England's prolonged search to fill the vacancy left by Fabio Capello's sudden departure from the national side back in February is finally over. Roy Hodgson was appointed the manager for the senior national side on a four-year contract Tuesday, and he will officially take over the role on May 14th when the Premier League season ends for his club side, West Bromwich Albion.
The Englishman faces not only the formidable task of heading the footballing-mad nation's national squad, but also getting the team ready to play in the European Championships this summer in Poland and Ukraine. England will face France (June 11th), Sweden (June 15th), and the co-hosts Ukraine (June 19th) in a tricky Group D.
Hodgson will rely heavily on his 30-plus years of managerial experience with clubs all across Europe, and his successful stints with the Swiss, Finnish and United Arab Emirates national sides.
As manager for Switzerland from 1992-1995 he took the team to the '94 USA World Cup, leading them into the Round of 16, where they lost to Spain. Not bad for a country that hadn't been to a major international tournament since the '66 World Cup.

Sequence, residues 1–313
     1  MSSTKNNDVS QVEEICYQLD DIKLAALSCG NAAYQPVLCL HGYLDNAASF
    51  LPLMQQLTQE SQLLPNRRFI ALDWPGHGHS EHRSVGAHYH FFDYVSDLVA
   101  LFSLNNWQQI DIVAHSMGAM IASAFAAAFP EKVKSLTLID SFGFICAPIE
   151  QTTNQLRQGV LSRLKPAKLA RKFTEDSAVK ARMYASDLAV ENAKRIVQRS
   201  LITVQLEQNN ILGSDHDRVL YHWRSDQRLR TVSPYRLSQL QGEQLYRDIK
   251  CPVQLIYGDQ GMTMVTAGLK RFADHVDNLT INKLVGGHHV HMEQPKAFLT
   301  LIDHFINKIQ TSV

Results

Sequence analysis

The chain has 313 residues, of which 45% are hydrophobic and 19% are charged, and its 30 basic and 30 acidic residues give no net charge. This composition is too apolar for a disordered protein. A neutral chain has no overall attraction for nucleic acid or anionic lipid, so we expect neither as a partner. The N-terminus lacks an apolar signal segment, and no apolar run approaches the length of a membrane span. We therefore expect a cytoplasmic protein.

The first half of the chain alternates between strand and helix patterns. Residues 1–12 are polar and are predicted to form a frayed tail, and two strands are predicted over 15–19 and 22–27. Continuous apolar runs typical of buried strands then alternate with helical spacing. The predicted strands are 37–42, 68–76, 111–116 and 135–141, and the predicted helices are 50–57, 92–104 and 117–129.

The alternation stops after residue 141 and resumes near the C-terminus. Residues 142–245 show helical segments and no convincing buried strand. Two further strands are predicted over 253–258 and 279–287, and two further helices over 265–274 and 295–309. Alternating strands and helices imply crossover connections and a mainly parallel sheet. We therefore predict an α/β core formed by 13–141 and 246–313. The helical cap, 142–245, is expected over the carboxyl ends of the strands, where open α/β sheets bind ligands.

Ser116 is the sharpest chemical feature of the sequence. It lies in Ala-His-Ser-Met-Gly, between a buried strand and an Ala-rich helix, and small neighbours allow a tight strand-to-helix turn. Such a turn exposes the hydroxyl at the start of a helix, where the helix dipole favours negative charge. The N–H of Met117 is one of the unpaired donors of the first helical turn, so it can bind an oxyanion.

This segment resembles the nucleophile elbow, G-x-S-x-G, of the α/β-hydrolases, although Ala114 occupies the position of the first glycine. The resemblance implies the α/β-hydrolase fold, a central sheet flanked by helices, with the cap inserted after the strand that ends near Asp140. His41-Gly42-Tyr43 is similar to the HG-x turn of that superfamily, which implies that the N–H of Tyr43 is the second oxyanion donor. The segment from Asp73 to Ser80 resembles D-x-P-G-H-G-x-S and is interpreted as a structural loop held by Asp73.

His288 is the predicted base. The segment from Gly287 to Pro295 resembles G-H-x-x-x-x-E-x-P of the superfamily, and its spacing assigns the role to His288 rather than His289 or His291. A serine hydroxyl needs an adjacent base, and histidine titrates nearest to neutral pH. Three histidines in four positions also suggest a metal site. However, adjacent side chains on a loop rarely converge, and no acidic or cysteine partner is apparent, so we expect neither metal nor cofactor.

With less than a month to prepare, select a squad, bring on coaches, play in two warm-up friendlies with Norway (May 26th) and Belgium (June 2nd), expectations have been tempered for England's Euro 2012 chances. However, Hodgson's record of success and reputation for tactical management might serve the Three Lions well come summertime. And despite the lowered expectations, Hodgson is certainly not coy about what he thinks England are capable of at Euro 2012. From UEFA.com:
"England have always got to go into a tournament with the aim of winning it because we're a major footballing nation. It will be difficult because I've come in at a rather late stage, but I think the players would be disappointed if I tried to do anything less."
England's roster of world-class talent certainly has the ability to match their best performances at the European Championships (third in 1968, semifinals in '96). The new manager would like nothing more than to help them overcome their historical underachievement's in Europe right from the start of his tenure.